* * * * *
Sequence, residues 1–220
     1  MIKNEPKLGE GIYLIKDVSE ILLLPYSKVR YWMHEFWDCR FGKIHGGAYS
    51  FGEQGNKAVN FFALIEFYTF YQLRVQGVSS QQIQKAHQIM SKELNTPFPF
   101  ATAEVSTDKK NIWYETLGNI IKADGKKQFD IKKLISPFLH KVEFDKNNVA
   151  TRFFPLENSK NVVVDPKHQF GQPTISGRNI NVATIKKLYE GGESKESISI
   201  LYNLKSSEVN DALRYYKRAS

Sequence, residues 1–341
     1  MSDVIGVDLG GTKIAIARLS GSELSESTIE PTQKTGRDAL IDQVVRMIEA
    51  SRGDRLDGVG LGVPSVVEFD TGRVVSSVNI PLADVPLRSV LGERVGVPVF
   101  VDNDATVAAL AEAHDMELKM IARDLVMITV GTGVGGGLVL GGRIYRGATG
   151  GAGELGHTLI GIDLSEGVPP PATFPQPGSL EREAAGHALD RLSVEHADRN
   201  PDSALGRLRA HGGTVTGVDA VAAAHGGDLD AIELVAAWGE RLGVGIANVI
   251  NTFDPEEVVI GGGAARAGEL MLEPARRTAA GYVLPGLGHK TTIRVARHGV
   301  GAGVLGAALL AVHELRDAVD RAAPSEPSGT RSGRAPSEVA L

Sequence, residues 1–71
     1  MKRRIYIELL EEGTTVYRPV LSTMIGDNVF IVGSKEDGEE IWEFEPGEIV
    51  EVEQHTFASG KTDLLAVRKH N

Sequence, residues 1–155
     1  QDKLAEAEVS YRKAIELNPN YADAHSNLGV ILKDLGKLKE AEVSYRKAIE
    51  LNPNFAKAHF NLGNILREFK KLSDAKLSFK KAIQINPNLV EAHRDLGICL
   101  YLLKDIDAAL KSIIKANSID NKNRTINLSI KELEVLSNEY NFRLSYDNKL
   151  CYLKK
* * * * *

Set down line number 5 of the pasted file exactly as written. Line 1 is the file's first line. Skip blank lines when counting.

   151  TRFFPLENSK NVVVDPKHQF GQPTISGRNI NVATIKKLYE GGESKESISI